The nature of covalidation requires the early involvement of the receiving laboratory as part of the validation team, which is a departure from the classical validation paradigm whereby development and validation of the method are performed by the transferring laboratory with little or no input from the receiving laboratory (4). This early engagement of the receiving laboratory enables methods to be evaluated and validated in the most relevant laboratory setting for its intended use and affords the opportunity to incorporate receiving laboratory input, align with global and local practices, and build receiving-laboratory-friendly features into the method conditions.
Documentation for covalidation is streamlined by incorporating the procedures, materials, acceptance criteria, and results of the covalidation in validation protocols and validation reports, eliminating the need for separate transfer protocols and reports used in comparative testing.
An effective covalidation process demands and encourages close collaboration and knowledge sharing. As knowledge transfer is the most important aspect of method transfer, enhanced method knowledge at the receiving laboratory facilitates receiving laboratory ownership for the methods.
The very nature of covalidation however, carries some risks when compared to the other TAP approaches.
Readiness of the method for covalidation. Methods subjected to covalidation are yet to be fully validated, therefore, it remains uncertain whether the method can meet all of the validation acceptance criteria. The risk that the method could fail to meet the validation criteria is much higher in instances where a method is not fully optimized and/or robustness and ruggedness of the method have yet to be extensively investigated. Any covalidation time saving will be lost if the validation at the receiving laboratory has to be repeated. The scenario of having a receiving laboratory participate in covalidation for a method that might need to be reworked is a risk that needs to be addressed prior to the commencement of covalidation.
Preparedness of the receiving lab at a commercial manufacture site is required earlier than normal. In contrast to a method that is transferred to a long-term stability testing site, where it will usually be put into use immediately after laboratory qualification is completed, transfer of a method to a commercial site usually occurs several months prior to its routine use for product release. The timing of covalidation, however, is dictated by the timing of method validation and as such, covalidation usually takes place earlier than method transfer. As a result, the time lag between covalidation and routine execution at a manufacture site poses two additional risks as follows:
A decision tree was developed to address the potential risks associated with using covalidation as the approach for method transfer (see Figure 1). The key decision points to assess the suitability of a method for covalidation are:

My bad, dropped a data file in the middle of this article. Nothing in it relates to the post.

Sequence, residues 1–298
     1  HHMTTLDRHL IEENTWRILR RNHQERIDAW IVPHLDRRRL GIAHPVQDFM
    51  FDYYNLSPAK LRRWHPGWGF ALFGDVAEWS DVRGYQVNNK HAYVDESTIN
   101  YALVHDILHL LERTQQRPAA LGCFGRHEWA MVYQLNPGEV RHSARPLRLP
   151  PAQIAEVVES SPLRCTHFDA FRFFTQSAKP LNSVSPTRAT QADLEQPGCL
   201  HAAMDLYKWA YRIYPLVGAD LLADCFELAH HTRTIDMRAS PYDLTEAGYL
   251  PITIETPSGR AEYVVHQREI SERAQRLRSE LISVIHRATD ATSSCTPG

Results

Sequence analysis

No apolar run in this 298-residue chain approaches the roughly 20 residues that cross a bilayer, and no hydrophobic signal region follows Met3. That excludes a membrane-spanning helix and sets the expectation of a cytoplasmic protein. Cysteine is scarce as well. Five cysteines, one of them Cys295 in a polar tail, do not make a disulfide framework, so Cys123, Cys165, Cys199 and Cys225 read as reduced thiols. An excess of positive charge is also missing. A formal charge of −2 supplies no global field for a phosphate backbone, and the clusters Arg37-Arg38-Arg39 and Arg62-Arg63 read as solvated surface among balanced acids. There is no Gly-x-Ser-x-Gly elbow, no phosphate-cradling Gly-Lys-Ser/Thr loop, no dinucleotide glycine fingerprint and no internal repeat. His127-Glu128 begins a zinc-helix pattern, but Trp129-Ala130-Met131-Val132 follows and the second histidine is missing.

Because method robustness is the most important factor to determine if a method is suitable for covalidation, it is therefore crucial for the transferring laboratory to adopt a systematic approach for method robustness evaluation during method development to ensure adequate understanding and confidence for the method.
A project in Phase III clinical development was chosen as the pilot for the application of the covalidation strategy for the analytical transfer for the drug substance and drug product. The following case study highlights the authors’ experience with drug substance covalidation. The covalidation exercise was undertaken between scientists from analytical groups in research and development (transferring unit), both in the United Kingdom and the United States, to a quality-control laboratory in the Global Commercial Manufacturing organization (receiving unit) in Ireland.
The pilot project included the API, two isolated intermediate compounds, three regulatory starting materials (RSMs), and all associated reagents used in the process steps associated with these compounds. The traditional approach to analytical method transfer at BMS required the comparative testing on several homogeneous lots of the target material for all critical tests, such as determination of assay, impurities and degradants, residual solvents, counter ions, enantiomeric impurity, and inorganic impurities, combined with transfer waivers for compendia tests such as identity, water content determination, appearance, and color. The comparative testing model would have required comparative testing be conducted on 60% of the total number of analytical methods transferring to the commercial facility. For the pilot project, the analytical method transfer needs were reviewed against the newly mapped covalidation technology transfer model. A comparison of the two approaches is shown in Table I.